The price saga continues...Media sensationalizes cinema profit margins
Did you see it too? CNN kicked off the month of February with a report on “America’s Biggest Ripoffs.” The report was online at CNNmoney.com and also broadcast on the cable network. Movie theatre popcorn was the lead-in to the segment, which blared, “Movie concession operators make a 900% profit margin from popcorn!!”
The report was one-sided and very slanted to sensationalize the “economic crimes” against the American consumer. But it did raise the question of concession pricing yet again.
It is my understanding that the human body can survive for two hours without consuming any food or water. So let’s just put it out there right up front that no one is forced to buy anything in a movie theatre. To see a movie, you only have to purchase a ticket. It is a choice to purchase from the concession stand. Granted, we have chosen to prevent any outside food and beverage to be brought in, but this is not uncommon and is accepted practice at most entertainment venues. I think the true issue is perceived value.
The public is capable of making comparisons, especially with pricing. Therefore, value must be perceived by the consumer in order to “buy in” to an offering. There is value at the concession stand. There is value in being able to walk into a movie theatre and order great food and snacks on the premises without preparing it yourself, carrying it yourself, or making sure that the product is fresh. The concession operation provides this service.
To many people, the simple nature of this offer is of great value and is paid for with little regard for the exact price. They are willing to buy, period. To other people, there is a greater limit to the amount that this service is worth. If a combination of popcorn and soda and candy is considered to be too high, or really is out of their budget, then they don’t buy.
The fact that there are people who will buy concession products in a consistent manner is very beneficial to the consumer. In May 2008, Wesley Hartmann, associate professor of marketing at the Stanford Graduate School of Business, and Ricard Gil, assistant professor in economics at the University of California, Santa Cruz, determined that pricing concessions on the high side in relation to admission tickets makes sense. By putting a premium on the secondary product offering, concessions, theatre operators are able to offer the primary product for less money and attract a much wider audience. Thus they create more customers in general and profit more from those customers who do place a premium value on the concession service.
Hartmann and Gil presented their findings in their paper titled “Why Does Popcorn Cost So Much at the Movies? An Empirical Analysis of Metering Price Discrimination.” It is a microeconomic study of the profitable price discrimination strategy often referred to as “metering price discrimination.” Concessions were found to be purchased in greater amounts by customers that place greater value on attending the theatre. In other words, the decision by exhibitors to shift their margins from movies to concessions allows them to increase their attendance and potential customer market, both before and after the ticket sale. The benefit to the consumer is that the price for the primary product, the ticket, remains relatively low.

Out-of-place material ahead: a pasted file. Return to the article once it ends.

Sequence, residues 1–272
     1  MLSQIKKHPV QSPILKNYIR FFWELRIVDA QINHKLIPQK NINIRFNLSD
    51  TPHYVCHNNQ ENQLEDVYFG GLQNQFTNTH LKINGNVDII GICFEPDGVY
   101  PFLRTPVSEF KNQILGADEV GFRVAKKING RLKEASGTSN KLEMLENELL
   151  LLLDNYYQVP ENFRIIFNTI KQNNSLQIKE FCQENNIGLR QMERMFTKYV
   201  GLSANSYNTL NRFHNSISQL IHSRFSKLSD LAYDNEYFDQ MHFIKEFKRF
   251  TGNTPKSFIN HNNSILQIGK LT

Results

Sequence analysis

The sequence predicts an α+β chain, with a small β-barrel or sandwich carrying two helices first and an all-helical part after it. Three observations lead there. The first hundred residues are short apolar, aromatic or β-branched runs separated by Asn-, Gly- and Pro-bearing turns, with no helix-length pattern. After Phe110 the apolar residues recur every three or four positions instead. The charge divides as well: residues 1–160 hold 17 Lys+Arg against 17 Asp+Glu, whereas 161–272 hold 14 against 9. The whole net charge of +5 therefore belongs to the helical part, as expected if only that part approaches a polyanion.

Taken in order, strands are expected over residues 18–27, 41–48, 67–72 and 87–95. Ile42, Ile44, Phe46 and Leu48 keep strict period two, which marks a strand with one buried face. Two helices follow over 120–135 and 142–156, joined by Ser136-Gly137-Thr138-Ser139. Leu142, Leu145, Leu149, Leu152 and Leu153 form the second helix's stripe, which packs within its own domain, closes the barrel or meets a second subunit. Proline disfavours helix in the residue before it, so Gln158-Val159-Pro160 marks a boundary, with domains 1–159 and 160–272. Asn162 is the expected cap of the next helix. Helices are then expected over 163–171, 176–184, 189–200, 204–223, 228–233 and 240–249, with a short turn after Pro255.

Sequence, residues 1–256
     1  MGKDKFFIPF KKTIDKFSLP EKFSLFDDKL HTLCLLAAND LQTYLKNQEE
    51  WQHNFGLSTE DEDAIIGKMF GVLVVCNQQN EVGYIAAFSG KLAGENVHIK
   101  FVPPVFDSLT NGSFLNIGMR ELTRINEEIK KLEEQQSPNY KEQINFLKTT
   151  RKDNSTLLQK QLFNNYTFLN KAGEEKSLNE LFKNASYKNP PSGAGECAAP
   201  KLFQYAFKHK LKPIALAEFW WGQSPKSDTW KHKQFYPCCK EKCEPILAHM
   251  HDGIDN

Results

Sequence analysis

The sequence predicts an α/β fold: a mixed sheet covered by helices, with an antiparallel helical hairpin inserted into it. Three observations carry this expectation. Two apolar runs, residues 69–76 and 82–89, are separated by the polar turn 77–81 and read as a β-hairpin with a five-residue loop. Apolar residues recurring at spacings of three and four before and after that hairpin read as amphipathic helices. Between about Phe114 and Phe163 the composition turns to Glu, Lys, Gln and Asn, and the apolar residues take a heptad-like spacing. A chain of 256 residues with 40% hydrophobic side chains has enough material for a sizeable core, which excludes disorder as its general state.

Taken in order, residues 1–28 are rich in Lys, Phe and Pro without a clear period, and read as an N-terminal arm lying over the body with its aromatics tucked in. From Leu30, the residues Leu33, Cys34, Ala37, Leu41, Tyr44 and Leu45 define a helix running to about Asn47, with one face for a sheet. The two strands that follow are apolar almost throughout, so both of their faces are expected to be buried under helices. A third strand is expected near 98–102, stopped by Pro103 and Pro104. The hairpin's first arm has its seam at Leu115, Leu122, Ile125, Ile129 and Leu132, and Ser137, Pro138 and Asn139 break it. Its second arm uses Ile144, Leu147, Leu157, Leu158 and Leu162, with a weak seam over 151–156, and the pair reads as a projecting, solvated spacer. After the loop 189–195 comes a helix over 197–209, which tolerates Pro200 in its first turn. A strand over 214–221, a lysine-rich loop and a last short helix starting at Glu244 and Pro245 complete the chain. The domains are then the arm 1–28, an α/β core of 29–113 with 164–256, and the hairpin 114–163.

This economic explanation for concession sales was not fully presented in CNN’s report. Neither was the high cost of hotel mini-bar stock and management, only the 1300% margin from the item cost. Why would it be? It only serves to reduce the shock value of the report, something the media has come to depend on, which is a different topic altogether. But the reason it matters is perceived value. Shouting to the public “You are getting robbed!” is not good for our business. This was part of my theme in my previous article about movie theatre candy being sold at Walgreen’s for one dollar a box; these things can make the most diehard of concession customers question their own behavior.
The challenge for the concession stand is to present an offering of perceived value to the loyal concession consumer and entice some of the uncommitted to buy food and drinks on premise. This is the real question of price, not what CNN or anyone else would like to sensationalize about the price or nutritional content of our products. What is the right price point, for the right size, for the right product mix that maximizes our return on investment and keeps our per-capita income high?
Unique product offerings, fresh quality products, and film-related marketing are what keep consumers coming to the concession stand. Providing these at a price that is not perceived as exorbitant or unfair is critical to revenue and profitability. Some of the answers to this have been different price levels for different times, different sizes, and different theatres. Others offer combinations with price discounts and coupons with purchases and points with reward programs.
Do we as an industry believe that concession prices have reached a threshold? Has per-capita income suffered from continued annual price increases? Do consumers pay substantially more for concessions at the movie theatre than at comparable entertainment venues? These are the right questions for us to be analyzing on a market-by-market basis to ensure that we are striking the balance between serving our customers and running profitable businesses. While outsiders may enjoy dramatizing the price level, it is nonetheless a serious question that we must continually examine.
Please send any comments to Anita Watts at firstname.lastname@example.org.